US 1772492 A
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Description (OCR text may contain errors)
mama Au 12,1930
UNITED sTATss PATE T or-Pics can; 11.1mm, or mico'r'r, imw 'zonx, .assmxon m m rnm'rmo nonmacomm, OIEHDIOO'IT, NEW YORK, A CORPORATION 01' mm mm ucoan mm m "rnumrnte momma a ummmea my so, 1928. Serial Io. 204,110.
This invention is directed to the general and of providing an improved means of placing a greater amount of statistical, or like data, upon a given record card than hasbeen heretofore possible, resulting in increased efficiency and benefits accruin from tabulating, or like machines prefera ly employed in connection with such record cards. Where card cost and filing space are'important considerations, it is possible, by means of the present improvements 'to place on a record card of appreciably smaller dimensions the same statistical or tabular data placed on record cards of a size heretofore employed.
In machines of the Hollerith type, for example, it has been the practice to provide,
record cards with index points thereon arranged in columns and with the index points 7 all laterally spaced fromeach other and arv the ranged in transverse rows. -It has also been the practice to space the perforations, which are usually circular, an appreciable and suitable distance apart laterally in order to prevent the brush cooperating with one column of holes from accidentally contacting through the holes of an adjacent column.
While the natural solution of placin more data on a given card is to make the circular perforations smaller in diameter it has been observed that cards having relatively small circular perforationswere not satisfactory with respect to machine operation and strength or durability.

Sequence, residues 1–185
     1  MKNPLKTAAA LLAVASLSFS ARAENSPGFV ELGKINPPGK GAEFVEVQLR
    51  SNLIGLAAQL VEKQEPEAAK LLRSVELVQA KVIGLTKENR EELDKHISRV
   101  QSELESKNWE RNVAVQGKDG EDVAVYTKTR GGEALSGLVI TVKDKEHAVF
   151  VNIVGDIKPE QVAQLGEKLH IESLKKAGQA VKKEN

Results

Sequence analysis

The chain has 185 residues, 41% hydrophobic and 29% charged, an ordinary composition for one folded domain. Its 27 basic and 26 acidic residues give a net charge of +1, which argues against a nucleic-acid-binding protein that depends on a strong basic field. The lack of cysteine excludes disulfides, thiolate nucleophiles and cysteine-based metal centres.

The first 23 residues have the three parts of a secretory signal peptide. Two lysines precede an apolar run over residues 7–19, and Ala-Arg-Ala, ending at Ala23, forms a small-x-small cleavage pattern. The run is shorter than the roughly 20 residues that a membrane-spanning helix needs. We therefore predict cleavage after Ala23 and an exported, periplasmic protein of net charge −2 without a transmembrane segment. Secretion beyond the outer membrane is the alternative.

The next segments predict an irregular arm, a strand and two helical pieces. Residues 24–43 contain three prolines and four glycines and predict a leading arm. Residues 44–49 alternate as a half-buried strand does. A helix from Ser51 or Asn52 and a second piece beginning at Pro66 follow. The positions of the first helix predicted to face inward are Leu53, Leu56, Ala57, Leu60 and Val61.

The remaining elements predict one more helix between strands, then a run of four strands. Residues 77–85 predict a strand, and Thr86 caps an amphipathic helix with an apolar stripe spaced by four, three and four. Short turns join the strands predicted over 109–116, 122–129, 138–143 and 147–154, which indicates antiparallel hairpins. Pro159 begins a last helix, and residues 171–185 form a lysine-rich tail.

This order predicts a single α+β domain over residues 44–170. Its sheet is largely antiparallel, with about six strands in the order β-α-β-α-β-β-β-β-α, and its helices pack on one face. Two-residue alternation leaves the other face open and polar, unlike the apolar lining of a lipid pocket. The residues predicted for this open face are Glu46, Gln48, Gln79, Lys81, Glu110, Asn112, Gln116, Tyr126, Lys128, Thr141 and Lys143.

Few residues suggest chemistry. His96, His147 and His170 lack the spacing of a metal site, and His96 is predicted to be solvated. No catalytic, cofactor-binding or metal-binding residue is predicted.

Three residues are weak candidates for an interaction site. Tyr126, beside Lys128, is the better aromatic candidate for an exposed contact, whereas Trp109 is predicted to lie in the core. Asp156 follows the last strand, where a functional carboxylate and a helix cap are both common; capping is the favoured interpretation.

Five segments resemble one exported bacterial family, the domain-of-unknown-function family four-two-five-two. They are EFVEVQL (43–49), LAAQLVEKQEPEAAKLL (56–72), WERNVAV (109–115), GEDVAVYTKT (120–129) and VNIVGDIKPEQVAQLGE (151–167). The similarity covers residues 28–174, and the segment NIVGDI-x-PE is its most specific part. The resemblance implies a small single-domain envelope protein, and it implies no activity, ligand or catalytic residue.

In tabulating and sorting machines of the electrical type a certain length of time is required for.- establishing the circuit through holes in the card. This length of time and other requirements of the machinehave, without resorting to other mechanical expediences, governed the diametrical dimensions of circular card perforations and when the smallest size that could be used was determined it was found that the additional data that could be placed on the new record was, to all extents, not appreciable;
It has also been discovered in practice that as the circular perforations were reduced in diameter and placed closer together a straight line of such perforations would act 59 in the manner of a line-perforated stub card and record cards weakened in this manner did not possess the necessary characteristics of strength and durability.
It is then a main object of the present invention to provide an improved means of providing a' greater quantity of perforated data upon a record card of a given size without sacrificing card strength or durability as well as to produce a record card that is satisfactory with respect to machine operation and one that may be employed in connection with machines now in commercial use without material changes in the mechanisms therein. 4
It is a still further object of the present inventlon to provide an index pointhaving the necessary characteristics and requirements for proper analyzing operations for deriving tabular data from a record card.
In carrying out the present invention the spacing of adjacent card columns is reduced in order to provide a more data on a given card, and to provide for the necessary time element for electrical contact the holes are elongated in the direction of card feed. The form and spacings of the perforations are such that considerable resistance to tearing by a series of such perforations is eifected.
In the drawings:
Fig. 1 represents a card having the usual form and spacings employed in connection with Hollerith tabulating and sorting machines;
Fig. 2 is a plan view of a perforated record card having index points constructed accordlng to the present invention;
Fig. 3 is a cross sectional view of the brush section of a tabulator, sorting machine or the like, showing the cooperation of an analyz- 1ng brush with the preferred form of perforation of an improved record card as the card is fed-thereto;
Fig. 4 is a fragmentary portion of a record card employing small circular perforations;
Figs. 5 and 6 are fragmentary portions of record cards illustrating modifications of the present invention.